Bishop Matthew H. Clark ordained four men to the permanent diaconate May 21 at Sacred Heart Cathedral. Deacons Kevin Carges, Wil Johnson, David LaFortune and Joseph Placious were the first to be ordained at the cathedral since its doors reopened last January following an extensive renovation.
“It’s a first in a lot of ways, isn’t it?” Bishop Clark asked, noting that many in the congregation had never seen a diaconal ordination before.
Deacon Carges, who belongs to St. Dominic’s Parish in Shortsville, said he always felt some manner of calling from God.
“Way back when, like many people, I considered the priesthood. At that time I decided against it, because I knew I wanted to have a family,” Deacon Carges said. After he married his wife, Jackie, the pair had four children, who range in age from 6 to 24.
Deacon Carges, who runs a print shop in Canandaigua, said he wouldn’t have been able to successfully complete the deacon-formation process without the support of his coworkers, fellow parishioners and family. Jackie was especially supportive, taking on more of the responsibilities of raising their two youngest children while he was in class.
Although he hasn’t yet received his ministerial assignment, Deacon Carges said the uncertainty doesn’t bother him.
“I really feel that the Holy Spirit will guide me where I need to go,” Deacon Carges said.
Deacon Placious said he joined the diaconate for much the same reasons as Deacon Carges.
“I felt I always had a calling, but I knew I didn’t want to be a priest. Then I got married and I still felt it,” said Deacon Placious, an emergency dispatcher for the Monroe County Water Authority.
“The reality hasn’t set in yet,” Deacon Placious said of his new vocation the day after his ordination. He expected it to set in by the following Saturday, when he was scheduled to celebrate his first baptism.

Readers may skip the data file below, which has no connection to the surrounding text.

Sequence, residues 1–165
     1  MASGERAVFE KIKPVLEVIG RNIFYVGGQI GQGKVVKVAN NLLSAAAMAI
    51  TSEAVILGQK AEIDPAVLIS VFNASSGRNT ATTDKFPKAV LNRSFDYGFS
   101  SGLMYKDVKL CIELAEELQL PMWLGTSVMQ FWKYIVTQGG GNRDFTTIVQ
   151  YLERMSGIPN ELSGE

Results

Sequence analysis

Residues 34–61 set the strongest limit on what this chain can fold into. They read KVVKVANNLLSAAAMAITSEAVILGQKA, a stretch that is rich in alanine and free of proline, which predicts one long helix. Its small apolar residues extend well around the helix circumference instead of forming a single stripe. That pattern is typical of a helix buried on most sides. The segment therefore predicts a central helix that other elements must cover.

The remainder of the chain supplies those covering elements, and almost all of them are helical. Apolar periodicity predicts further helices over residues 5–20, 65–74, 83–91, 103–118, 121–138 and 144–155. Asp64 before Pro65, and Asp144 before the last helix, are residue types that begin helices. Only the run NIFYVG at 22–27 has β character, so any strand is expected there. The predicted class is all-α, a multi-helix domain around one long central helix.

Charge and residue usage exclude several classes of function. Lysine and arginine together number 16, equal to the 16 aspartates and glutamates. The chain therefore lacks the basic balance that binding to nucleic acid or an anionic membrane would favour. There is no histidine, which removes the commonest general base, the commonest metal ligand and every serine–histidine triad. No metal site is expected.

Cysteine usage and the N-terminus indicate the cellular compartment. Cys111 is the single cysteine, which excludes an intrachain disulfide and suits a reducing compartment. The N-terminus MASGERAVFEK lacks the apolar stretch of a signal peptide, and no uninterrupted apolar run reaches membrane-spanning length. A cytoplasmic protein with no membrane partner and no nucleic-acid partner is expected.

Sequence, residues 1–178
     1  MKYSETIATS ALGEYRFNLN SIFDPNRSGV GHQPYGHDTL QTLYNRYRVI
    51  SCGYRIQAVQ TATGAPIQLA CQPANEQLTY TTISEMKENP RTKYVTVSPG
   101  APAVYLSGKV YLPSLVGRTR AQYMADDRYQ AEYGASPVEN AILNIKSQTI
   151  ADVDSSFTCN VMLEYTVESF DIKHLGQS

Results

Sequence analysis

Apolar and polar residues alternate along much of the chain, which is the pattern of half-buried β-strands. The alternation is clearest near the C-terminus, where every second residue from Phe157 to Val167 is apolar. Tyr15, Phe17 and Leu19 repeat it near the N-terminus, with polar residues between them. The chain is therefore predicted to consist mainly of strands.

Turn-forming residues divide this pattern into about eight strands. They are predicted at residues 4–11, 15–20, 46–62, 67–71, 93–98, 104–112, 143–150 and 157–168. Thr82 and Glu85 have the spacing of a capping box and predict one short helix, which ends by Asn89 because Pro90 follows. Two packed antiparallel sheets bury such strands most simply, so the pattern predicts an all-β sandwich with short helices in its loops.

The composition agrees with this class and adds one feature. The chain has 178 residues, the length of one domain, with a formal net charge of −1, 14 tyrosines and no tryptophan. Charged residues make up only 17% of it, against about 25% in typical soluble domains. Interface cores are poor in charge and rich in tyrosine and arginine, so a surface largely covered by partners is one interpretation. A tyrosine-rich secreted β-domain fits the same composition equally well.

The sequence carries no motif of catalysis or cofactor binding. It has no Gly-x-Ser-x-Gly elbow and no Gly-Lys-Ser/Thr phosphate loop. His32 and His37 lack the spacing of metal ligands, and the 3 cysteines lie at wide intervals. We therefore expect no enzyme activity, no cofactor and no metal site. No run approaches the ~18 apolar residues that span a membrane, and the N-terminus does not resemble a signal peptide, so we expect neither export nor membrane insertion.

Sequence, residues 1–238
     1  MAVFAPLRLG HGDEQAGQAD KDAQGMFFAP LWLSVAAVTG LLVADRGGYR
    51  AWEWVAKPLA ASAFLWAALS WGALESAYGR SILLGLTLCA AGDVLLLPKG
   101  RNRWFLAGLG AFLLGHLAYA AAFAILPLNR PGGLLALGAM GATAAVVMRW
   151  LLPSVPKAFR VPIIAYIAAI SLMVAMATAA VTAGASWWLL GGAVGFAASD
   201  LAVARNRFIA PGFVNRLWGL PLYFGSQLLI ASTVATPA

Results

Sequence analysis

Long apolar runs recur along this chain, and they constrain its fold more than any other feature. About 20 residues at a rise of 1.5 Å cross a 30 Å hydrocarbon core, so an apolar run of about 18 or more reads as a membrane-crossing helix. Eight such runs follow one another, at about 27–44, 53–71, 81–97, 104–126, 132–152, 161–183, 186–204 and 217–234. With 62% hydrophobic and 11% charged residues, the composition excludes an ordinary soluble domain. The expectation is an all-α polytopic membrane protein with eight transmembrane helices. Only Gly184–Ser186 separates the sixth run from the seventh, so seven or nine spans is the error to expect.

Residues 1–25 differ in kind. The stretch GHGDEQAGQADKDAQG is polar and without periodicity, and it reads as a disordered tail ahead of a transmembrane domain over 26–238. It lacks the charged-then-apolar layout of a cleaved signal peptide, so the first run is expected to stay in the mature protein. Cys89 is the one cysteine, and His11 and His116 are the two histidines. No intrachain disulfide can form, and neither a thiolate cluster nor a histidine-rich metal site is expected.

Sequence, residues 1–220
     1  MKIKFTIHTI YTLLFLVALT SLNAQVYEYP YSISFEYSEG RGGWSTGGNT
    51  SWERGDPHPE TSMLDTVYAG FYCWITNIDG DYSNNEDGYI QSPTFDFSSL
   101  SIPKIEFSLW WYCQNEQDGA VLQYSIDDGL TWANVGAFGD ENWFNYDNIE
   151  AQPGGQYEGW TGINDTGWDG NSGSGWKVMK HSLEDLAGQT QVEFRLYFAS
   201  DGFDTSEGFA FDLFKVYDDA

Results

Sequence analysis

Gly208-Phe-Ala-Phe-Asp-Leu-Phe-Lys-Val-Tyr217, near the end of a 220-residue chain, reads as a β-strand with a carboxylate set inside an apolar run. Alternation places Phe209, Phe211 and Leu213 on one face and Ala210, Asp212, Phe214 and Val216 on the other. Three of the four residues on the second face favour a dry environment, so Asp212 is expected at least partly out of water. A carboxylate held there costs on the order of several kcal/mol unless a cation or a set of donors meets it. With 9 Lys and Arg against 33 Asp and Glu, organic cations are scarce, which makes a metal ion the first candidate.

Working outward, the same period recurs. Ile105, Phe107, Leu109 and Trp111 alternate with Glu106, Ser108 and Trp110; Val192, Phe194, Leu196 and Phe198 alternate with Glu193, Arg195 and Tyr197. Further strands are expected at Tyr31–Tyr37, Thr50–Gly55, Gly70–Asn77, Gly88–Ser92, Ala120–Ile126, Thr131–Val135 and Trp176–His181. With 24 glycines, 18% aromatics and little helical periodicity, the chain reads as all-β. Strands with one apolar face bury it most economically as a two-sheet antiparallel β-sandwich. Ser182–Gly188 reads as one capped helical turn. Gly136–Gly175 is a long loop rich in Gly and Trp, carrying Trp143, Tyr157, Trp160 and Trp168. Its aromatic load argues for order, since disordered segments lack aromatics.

Prior to becoming a deacon, he had served in various ministries at St. Andrew’s Parish, where he and his wife, Natalie, attend Mass. The couple have two sons and became grandparents just a few weeks ago, he said.
Deacon Placious also said Natalie was an integral part of the formation process.
“Natalie took every class with me that she was allowed to take,” he said proudly.
Although she wasn’t able to attend all of the classes because of her own job as a pastoral associate at All Saints Parish in Corning, Deacon LaFortune said his wife, Trish, was still a crucial part of his formation. Deacon LaFortune and his wife have two daughters and attend All Saints.
Deacon LaFortune has worked as a pastoral associate for the Schuyler Catholic Community for the past two years, and plans to continue in that ministry. He began considering the diaconate because “a lot of people kept asking me, ‘Have you ever thought of it?’ and I kept telling them no,” he said. “Eventually I thought, ‘Maybe God is trying to tell me something.'”
Deacon Johnson was a Baptist when he first met his wife, Linda, but converted to Catholicism in 1991, six years after they were married. Even before he converted, however, he felt called to ministry.
“When I was a little boy I felt a call to serve the Lord, and I tried to live my life accordingly along the way. My faith has always been something very important to me,” said Deacon Johnson, who has three children.
Deacon Johnson became interested in the diaconate after attending a retreat with a men’s group from his parish, Church of the Transfiguration in Pittsford. When he returned to work after the retreat, he was transferred to a new department, where he began discussing the diaconate with his new supervisor, Deacon Ed Giblin.
“It’s funny how divine intervention has really played a big part in my life. Things I don’t necessarily think I want often end up being real blessings,” said Deacon Johnson, a lieutenant with the Rochester Police Department.
Like Deacon Carges, he isn’t sure where he’ll be assigned, but he’s not worried.
“I just want to see where the Lord leads,” Deacon Johnson said. “Where the Lord leads I know will be the right place, regardless of wherever I think I want to be.”